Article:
Sports gambling scored big in June as Delaware and New Jersey became the first states other than Nevada to accept wagers on sporting events. Although it was a good performance, it's not yet the home run some people may have expected.
And they're off!
Delaware was first and started accepting bets on June 5. Through June 24 -- the end of the state's fiscal month -- Delaware took in $7 million in bets, which generated revenue of less than $1 million (the total amount bet is called the "handle;" the amount won by sportsbooks is "revenue").
New Jersey saw even better action even though legalized sports gambling only began on June 14. Through the end of June, the Garden State's handle was $16.4 million, with revenue of nearly $1.2 million.
There are a lot of asterisks that need to be placed alongside these records, most notably that they obviously weren't complete months and only a handful of casinos and racetracks were actually accepting wagers.
For example, while Delaware's three racinos accepted wagers for the 20 days it was legal to do so (racinos are racetracks that also have casinos), in New Jersey, only MGM Resorts (NYSE:MGM) Borgata casino and Monmouth Park racetrack were accepting bets from the start. The racetrack actually accepted the first legal bet made in the state, which was wagered by Gov. Phil Murphy, who bet on the World Cup (he lost).
The Ocean Resort, which was previously the bankrupt Revel casino that reopened for business this past May, began accepting wagers on June 28.
Other Atlantic City casinos are expected to begin taking bets soon, and the Meadowlands Racetrack began doing so on July 14. We'll see these betting numbers increase over time, but even so, there were a few interesting outcomes already.
A dark horse candidate in the lead
Perhaps the biggest surprise so far is that the Borgata has not been New Jersey's big winner, at least not yet. Despite being the state's biggest and most profitable casino, Monmouth Park finished the month well ahead of the Borgata, generating revenue of $2.28 million while the casino took in less than $1 million. The Ocean Resort generated almost $192,000 for its one day of operation.
Also, of the total amounts reported so far, bets placed on future sporting events that have yet to occur are being counted in current month reports and are being taxed in the month they're placed. That means sports betting results could be volatile going forward since payouts for these bets could occur months after the bets were made. Delaware doesn't break out how much of the $7 million wagered was for future events, while New Jersey said over $1 million of the $16.4 million was for such events.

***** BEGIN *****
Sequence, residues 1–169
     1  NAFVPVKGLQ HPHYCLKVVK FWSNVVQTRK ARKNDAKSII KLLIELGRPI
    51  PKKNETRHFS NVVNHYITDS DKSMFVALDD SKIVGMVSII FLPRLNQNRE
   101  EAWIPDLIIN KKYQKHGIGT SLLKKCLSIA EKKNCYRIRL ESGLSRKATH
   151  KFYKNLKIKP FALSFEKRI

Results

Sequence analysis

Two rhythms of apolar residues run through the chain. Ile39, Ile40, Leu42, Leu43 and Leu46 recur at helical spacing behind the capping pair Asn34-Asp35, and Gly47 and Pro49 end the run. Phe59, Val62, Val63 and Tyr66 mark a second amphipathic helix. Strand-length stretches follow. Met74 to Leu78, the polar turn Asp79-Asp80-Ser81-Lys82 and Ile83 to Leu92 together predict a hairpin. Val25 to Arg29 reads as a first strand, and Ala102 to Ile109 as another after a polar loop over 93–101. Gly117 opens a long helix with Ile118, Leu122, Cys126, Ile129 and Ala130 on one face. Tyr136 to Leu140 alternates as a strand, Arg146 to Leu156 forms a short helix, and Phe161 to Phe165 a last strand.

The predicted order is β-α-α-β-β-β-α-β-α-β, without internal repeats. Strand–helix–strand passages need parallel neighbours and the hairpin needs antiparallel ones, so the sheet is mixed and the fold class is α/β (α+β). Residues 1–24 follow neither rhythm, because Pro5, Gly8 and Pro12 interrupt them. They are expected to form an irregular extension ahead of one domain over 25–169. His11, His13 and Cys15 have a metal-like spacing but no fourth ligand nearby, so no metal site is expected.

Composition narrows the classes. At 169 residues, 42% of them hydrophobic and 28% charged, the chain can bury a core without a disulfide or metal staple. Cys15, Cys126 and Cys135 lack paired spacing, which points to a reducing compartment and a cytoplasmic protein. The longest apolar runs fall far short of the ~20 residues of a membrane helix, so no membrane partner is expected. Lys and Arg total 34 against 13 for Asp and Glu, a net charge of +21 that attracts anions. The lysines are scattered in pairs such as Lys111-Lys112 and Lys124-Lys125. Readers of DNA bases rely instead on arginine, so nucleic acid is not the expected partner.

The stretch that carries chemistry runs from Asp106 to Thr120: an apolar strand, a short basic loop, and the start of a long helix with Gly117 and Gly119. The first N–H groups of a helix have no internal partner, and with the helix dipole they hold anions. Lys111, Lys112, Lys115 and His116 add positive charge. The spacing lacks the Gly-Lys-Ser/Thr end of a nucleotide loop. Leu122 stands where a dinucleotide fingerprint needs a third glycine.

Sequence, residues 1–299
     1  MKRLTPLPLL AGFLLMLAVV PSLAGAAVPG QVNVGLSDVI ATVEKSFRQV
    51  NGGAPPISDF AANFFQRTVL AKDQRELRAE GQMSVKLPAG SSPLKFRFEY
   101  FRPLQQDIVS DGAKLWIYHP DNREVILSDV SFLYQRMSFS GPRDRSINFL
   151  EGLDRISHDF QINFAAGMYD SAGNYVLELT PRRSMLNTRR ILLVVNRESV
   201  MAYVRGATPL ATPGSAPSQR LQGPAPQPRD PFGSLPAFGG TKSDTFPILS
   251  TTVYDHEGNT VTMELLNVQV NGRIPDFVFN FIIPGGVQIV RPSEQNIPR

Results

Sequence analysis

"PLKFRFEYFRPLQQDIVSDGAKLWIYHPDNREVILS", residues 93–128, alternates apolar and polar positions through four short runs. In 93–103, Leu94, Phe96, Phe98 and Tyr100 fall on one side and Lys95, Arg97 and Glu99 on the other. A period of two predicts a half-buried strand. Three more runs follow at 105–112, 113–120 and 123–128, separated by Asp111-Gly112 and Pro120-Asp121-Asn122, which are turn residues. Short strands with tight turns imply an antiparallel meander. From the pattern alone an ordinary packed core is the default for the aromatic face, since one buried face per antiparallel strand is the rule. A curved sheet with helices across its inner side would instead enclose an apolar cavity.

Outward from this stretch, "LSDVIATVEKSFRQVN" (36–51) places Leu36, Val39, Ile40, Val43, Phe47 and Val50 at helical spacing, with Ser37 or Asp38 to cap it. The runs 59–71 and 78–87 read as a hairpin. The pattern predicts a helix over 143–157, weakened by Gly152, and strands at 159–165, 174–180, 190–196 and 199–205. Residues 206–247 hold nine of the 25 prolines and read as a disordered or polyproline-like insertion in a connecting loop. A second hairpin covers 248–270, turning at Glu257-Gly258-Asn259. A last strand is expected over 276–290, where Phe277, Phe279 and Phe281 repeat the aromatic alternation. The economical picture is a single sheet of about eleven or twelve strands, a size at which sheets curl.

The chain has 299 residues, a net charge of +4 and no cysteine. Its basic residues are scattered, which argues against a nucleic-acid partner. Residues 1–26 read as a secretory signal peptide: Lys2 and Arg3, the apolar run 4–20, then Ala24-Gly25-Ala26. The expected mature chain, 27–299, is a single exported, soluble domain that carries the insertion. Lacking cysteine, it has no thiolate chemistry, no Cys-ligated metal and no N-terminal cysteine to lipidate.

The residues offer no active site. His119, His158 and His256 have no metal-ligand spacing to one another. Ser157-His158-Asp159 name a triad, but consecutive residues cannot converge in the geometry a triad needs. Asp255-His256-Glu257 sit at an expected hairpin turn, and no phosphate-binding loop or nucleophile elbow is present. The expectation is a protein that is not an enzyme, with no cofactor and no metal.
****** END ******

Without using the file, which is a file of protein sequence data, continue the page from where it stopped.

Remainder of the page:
New Jersey also has a separate line item for "unredeemed winning wagers," which represents bets that were won but not cashed in. That totaled $1.2 million for the two weeks in June, and they'll be deducted from the sportsbooks' revenues in future periods when they're finally redeemed.
New Jersey also said that of the total handle reported, 94% went to completed events, 66% of which, or $10.1 million worth, was bet on baseball. Another $2.2 million went to soccer (of future events, soccer drew in 48% of the handle and football took in 27%).
The wave still to come
Other states are expected to formalize their own regulatory framework for sports betting in the months ahead, but it's likely the New York metropolitan area will see a lot of action, which puts the Meadowlands Racetrack, the site of MetLife Stadium -- the home of football's Giants and Jets -- which is also in the vicinity of baseball's Yankee Stadium and the Met's Citi Field, a likely prime destination for sports gamblers.
Despite the Borgata being the first casino to accept legal sports wagers, and other casinos soon to join in, Atlantic City might not be the biggest bet for sports gambling, though it will undoubtedly hold its own. After all, Philadelphia is nearby and home to a number of major league sports franchises and Pennsylvania is expected to adopt formal gambling regulations in early 2019. Similarly, New York is expected to come online soon, and both states could siphon off gamblers. That's a problem Atlantic City has had to contend with for years.
So with its first at bat in the game, New Jersey smacked a solid single and it's not likely to strike out in future appearances, but with more nearby states to allow sports gambling in the near future, it may not be the cash grab home run that was anticipated.